2mL/min. The air was used as the carrier gas at a pressure of 30 psi. Spray to target distance was maintained at 30 cm. The resulting AlS thin films were classified as specimens AlG, AlA and AlD, where AlG represents sprayed AlS thin film sample obtained from ethylene glycol, AlA represents sprayed thin film specimen obtained from alcohol and AlD represents sprayed thin film specimen obtained from deionized water. AlG, AlD and AlA were annealed in a muffled furnace at 350oC for one hour. Weight of the films and substrates was measured using Adventurer balance (model: Adventurer Pro AV313 d = 0.0001g.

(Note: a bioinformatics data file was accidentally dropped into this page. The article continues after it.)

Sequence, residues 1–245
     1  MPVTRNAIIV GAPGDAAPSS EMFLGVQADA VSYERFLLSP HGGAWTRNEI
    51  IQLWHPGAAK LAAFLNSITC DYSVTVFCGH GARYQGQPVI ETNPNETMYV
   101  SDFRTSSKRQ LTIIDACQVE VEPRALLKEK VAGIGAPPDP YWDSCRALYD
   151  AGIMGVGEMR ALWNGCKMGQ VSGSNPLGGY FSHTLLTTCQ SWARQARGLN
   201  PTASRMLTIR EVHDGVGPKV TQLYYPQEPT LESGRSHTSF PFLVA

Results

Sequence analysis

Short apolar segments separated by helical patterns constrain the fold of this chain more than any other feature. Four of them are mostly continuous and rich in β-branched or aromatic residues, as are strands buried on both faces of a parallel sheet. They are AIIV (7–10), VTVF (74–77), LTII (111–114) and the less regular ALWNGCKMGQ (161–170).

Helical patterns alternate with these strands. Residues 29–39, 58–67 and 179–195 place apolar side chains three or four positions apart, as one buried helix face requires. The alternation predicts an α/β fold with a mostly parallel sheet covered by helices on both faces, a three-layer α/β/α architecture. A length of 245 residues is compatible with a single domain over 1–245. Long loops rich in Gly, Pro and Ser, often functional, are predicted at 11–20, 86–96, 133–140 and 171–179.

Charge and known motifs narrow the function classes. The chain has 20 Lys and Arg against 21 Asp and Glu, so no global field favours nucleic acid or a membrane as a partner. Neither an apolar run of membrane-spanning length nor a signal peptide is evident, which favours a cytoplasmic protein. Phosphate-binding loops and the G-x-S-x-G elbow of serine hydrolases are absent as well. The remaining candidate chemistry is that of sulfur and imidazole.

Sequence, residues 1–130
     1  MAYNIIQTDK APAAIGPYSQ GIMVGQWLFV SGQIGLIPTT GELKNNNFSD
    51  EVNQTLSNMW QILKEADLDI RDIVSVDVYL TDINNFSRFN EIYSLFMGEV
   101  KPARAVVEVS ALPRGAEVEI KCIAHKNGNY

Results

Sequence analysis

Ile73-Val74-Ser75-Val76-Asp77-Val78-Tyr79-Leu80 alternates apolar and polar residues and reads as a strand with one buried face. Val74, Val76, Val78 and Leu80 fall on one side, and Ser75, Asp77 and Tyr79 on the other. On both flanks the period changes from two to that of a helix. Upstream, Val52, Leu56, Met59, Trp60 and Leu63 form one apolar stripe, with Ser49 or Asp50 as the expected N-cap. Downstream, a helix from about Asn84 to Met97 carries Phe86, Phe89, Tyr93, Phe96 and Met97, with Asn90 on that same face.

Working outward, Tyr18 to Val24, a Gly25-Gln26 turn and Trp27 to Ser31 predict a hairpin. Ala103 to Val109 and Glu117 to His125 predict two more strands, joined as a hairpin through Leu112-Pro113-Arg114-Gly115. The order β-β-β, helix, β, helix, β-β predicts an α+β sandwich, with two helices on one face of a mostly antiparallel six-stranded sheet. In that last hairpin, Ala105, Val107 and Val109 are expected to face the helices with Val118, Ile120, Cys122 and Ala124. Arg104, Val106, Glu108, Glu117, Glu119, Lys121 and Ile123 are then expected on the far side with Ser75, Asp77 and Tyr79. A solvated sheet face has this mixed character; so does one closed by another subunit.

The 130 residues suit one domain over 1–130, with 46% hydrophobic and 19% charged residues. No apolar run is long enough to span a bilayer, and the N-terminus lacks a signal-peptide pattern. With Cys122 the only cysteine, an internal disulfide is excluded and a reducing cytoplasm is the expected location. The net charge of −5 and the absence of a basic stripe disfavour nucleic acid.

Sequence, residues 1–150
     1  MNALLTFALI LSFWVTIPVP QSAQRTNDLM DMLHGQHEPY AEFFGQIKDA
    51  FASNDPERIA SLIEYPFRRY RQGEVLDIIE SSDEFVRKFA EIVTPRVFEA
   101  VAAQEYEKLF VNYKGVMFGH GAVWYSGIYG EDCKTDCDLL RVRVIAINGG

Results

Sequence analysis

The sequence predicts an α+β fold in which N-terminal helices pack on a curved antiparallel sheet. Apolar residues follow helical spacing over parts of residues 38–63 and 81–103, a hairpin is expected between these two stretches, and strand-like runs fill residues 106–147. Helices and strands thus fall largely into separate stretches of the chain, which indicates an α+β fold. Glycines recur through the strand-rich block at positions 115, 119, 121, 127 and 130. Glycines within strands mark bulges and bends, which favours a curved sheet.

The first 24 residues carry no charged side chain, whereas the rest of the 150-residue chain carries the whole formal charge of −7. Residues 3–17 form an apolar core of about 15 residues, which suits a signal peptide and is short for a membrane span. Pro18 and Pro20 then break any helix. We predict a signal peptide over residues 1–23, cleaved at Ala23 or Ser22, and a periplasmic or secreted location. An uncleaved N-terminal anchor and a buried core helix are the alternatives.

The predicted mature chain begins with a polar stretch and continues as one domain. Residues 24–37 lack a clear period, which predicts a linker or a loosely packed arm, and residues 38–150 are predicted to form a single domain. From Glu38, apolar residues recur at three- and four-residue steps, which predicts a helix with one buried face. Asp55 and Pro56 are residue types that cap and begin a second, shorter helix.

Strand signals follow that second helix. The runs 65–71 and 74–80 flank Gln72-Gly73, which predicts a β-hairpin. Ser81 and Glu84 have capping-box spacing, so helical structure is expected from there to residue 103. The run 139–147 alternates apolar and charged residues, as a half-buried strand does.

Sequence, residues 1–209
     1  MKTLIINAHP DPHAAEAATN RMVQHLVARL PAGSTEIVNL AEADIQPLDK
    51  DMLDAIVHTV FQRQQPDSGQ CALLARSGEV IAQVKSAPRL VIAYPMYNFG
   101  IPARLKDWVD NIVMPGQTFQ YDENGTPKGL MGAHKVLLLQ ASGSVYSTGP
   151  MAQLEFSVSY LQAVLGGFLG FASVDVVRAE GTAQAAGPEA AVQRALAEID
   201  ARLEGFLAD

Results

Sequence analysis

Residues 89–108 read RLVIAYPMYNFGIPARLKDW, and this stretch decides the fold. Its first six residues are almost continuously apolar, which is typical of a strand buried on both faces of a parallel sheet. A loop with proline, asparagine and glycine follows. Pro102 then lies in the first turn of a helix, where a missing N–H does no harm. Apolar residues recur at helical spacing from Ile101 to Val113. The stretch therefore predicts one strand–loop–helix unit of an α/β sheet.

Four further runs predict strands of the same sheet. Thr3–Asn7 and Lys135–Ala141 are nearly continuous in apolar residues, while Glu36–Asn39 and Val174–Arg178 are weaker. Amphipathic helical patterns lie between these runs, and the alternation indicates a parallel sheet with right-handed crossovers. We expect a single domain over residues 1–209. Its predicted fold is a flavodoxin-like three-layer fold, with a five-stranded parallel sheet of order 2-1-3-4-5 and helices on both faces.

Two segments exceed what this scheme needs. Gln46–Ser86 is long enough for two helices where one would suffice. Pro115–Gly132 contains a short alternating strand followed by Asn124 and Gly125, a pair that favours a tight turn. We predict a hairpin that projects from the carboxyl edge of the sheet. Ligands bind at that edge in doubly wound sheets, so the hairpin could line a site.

Characterization of AIS Thin Films

The structural characterization of the samples was done using an X-ray diffractometer with a lynx eye detector using a copper target (Cuα, 1.5418 Å). All X-ray diffraction (XRD) data for the specimens was recorded at current and acceleration voltage of 25mA and 40 kV, respectively. The grain growth analysis of samples /crystallite size was carried out by using Hitachi scanning electron microscope (SEM).


Structural Properties